Mr. Burgis gave some examples of this (i.e. annual filing as to what has taken place with housing plan.) Development fee monies can pay for that. It can pay for preparation of housing plan. There are beneficial elements to a development fee. Some people can view this as a ‘user’ tax. If it is limited to new single family house, those individuals will be paying freight in future for rehab of others homes in township. The rate can go as low as you want. Have seen these as low as 75%. Most towns go for 1 ½%.
Deb Nielson: as to draft fee ordinance, administrative costs, no more than 20% can be used for these fees. Mr. Burgis: it is a regulation built into the regulations. The reason is to make certain that townships don’t spend too much on administrative cost vs. using monies to see rehab work or for new construction of affordable.
Deb Nielson: this housing element, this is a recommendation at this time, the TC must take this recommendation at face value or modify it.
Joe Burgis: these are all drafts at this time. It is the governing body’s responsible for governing body to deal with spending plan and draft fee ordinance. COAH requires draft and will render comments. If you get substantive certification from COAH, you will get 45 days to adopt ordinance and spending fee, as well as other ordinances identified as draft.
What if we have a building boom, and we reach that goal, can we modify that ordinance or sunset it? Mr. Burgis: your obligation is for 14 units and you are done.
Mr. Kostka: it is a one time rehab to a unit? Mr. Burgis: someone can make a second application. In terms of the obligation, there are 14 units to rehab, and you got requests from 14 different homeowners that met criteria, then you are done. We can assume after 2018 there may b e a 4th round.
Mr. Sandham: what is the effective date and is it based on site plan approval or not obtaining a building permit or CO. Mr. Burgis: it is based on filing of a building permit; one pays 50% if obligation at building permits with 50% at CO time. It is when they come in for building permits, and they are subject to this fee.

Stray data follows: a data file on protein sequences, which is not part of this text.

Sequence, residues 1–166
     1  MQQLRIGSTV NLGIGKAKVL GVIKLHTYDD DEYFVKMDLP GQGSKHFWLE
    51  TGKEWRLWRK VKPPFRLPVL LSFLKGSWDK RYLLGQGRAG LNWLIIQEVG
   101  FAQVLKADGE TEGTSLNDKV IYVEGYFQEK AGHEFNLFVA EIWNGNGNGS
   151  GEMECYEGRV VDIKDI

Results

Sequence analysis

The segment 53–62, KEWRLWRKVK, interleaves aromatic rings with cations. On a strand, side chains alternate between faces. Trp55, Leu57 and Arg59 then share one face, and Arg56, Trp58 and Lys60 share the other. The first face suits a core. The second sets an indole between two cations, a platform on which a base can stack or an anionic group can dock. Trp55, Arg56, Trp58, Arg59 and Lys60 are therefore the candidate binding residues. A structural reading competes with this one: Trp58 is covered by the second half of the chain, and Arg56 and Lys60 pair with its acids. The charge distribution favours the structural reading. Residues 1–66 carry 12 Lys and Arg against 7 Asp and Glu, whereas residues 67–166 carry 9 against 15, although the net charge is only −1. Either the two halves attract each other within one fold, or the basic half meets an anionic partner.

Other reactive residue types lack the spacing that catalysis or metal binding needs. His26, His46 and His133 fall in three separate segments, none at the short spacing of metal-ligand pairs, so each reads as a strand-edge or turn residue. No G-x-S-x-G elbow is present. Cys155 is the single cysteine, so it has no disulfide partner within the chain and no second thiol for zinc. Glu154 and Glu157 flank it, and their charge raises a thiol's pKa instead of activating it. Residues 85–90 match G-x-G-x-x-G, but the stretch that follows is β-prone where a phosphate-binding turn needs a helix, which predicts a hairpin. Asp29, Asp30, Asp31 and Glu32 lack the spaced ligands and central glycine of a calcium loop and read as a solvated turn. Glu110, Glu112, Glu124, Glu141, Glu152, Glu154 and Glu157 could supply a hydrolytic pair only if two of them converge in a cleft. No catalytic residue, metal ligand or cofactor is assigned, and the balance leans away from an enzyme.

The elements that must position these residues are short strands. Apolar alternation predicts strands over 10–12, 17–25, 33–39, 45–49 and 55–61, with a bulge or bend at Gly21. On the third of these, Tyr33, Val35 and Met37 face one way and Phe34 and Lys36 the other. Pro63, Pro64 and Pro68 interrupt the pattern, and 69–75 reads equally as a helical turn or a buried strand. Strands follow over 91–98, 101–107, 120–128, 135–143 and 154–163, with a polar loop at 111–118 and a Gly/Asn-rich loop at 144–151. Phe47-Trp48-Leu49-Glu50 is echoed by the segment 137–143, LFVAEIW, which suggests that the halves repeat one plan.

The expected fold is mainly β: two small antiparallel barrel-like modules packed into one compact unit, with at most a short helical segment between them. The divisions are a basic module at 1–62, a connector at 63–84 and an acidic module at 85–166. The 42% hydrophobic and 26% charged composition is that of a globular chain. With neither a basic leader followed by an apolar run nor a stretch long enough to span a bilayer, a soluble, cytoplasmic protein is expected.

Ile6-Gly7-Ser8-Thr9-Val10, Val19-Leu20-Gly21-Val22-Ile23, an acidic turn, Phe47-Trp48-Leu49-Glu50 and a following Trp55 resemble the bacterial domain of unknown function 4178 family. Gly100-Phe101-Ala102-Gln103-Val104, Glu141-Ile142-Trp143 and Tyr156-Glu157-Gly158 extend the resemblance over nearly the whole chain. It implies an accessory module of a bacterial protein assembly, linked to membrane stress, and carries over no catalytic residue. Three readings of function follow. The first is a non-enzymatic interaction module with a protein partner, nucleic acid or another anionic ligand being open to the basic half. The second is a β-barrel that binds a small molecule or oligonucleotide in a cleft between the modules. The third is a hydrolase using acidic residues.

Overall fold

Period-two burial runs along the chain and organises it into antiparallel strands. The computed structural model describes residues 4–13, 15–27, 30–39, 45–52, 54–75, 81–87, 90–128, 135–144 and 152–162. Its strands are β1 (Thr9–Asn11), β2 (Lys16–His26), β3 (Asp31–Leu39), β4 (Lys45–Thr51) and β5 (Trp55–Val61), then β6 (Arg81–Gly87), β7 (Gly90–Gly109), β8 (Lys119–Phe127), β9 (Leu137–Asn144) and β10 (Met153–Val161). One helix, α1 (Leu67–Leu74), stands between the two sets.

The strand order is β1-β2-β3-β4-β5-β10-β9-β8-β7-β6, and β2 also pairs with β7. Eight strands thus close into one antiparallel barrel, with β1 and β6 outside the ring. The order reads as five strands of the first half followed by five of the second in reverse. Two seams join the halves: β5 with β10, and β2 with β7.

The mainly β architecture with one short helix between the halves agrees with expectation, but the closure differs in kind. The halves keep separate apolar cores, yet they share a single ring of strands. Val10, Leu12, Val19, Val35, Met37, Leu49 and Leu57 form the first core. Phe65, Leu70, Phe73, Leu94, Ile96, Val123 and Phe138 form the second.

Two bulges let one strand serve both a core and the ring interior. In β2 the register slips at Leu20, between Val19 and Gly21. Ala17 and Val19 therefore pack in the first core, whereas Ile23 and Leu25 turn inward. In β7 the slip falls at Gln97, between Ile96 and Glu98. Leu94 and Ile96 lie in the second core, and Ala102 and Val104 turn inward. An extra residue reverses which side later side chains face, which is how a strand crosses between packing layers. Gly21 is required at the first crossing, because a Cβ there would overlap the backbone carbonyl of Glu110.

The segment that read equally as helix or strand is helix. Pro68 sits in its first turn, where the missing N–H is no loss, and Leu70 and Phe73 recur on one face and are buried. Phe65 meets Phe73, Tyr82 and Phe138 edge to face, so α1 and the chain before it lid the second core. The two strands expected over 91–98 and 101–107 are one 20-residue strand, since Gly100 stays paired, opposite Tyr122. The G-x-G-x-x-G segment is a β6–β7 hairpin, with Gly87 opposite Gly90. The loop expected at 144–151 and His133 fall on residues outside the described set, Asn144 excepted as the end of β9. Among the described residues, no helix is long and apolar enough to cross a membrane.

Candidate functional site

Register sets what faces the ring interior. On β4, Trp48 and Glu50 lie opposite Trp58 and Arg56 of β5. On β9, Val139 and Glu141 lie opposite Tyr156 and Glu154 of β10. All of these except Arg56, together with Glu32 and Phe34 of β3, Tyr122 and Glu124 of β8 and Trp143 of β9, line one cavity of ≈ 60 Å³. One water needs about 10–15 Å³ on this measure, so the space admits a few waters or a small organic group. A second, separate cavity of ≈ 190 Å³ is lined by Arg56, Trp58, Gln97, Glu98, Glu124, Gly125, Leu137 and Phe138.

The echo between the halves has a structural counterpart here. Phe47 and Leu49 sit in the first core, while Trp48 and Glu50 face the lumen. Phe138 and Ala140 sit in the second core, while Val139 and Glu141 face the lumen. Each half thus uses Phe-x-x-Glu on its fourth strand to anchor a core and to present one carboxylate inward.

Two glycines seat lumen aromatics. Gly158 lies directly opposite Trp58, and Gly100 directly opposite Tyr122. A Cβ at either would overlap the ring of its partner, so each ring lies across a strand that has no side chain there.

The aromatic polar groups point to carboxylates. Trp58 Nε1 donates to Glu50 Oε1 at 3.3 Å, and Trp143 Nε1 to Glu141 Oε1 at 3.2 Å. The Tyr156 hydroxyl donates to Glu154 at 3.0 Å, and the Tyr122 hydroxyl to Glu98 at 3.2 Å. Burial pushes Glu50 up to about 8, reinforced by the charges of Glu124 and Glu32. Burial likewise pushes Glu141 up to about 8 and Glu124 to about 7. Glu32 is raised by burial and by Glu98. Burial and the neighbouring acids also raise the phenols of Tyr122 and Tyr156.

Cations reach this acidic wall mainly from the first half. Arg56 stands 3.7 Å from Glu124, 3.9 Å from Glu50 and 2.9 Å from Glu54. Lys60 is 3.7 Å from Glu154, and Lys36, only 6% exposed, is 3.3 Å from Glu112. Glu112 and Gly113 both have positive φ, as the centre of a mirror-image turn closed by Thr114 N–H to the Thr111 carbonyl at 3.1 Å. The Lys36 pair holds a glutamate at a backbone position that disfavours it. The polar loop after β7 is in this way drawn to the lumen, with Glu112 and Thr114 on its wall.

Mr. Sandham: general discussion ensued on the fee noting that this would not be something we need to deal with this now. The funds we have to build are $70G we have to provide for “Plus” additional funds to manage it. Mr. Burgis indicated there may be some way to put a waiver on this requirement, but he has to ‘search’ into it more and will let Township Committee know.
Tim Braden: what about ‘knockdowns’? Mr. Burgis: they are specific exemptions under the fee impact ordinance. Noted that he did include that developments receiving prel/final prior to adoption this ordinance is ‘exempt’. The other section on page 3 of the ordinance talks about the residential demolition. This area of ordinance discussed. These are just guidelines, and we can modify these.
Joe Burgis: reading item no. 2 on page 3, it should read preliminary/final subdivision and site plan approval. Some of our resolution provides for the affordable housing and Mr. Karkowsky asked to make sure they will still be required to provide this. Mr. Burgis indicated it would do so.
Mr. Braden: who determines rehab funds? Mr. Burgis: create a committee to handle it or as many as others do, you contract with a company that does this for a living and it is paid for out of developer fund, and is a unit fee.
Deb Nielson: we have our housing director also.
Gary Lewis: difference being is that some entity has to evaluate the structure to make determination that it is truly in need of renovation. Someone has to certify that these are significant structural elements. Mr. Braden understood that, but voiced concerns on $70G and someone has to decide the allocating of this monies. Mr. Burgis indicated in suburban communities he would be shocked to find 14 units. It has to be a low/moderate income qualified housing unit, and they have to be willing to have a deed restriction. Mr. Braden: it could be a senior out there on a fixed income: it could be anyone as long as they qualified. But you are typing your home up. Discussion ensued. Mr. Kostka: I can live in a 2M home I qualify I can find that I am qualified for a roof. Mr. Burgis: there is a lot of income certification information. Mrs. White: it has excessive information and you require assessment of homes. Mr. Burgis: same type of income.
Russ Lipari: if you compare other communities to
Montville, how do they address this? Mr. Burgis: it varies. Mahwah handles it in house; upper saddle river thru another entity. It is a decision of Township Committee. Mr. Kostka: we have to market it, and we have to have an affirmative marketing plan, it will identify where you will advertise, etc.
Are these funds ever disbursed on a lottery system if there is a large demand? Mr. Burgis indicated he has never seen this happen. Only time this was seen in lower income facilities and that is where these types of programs are most popular.
No further comments
Opened to public….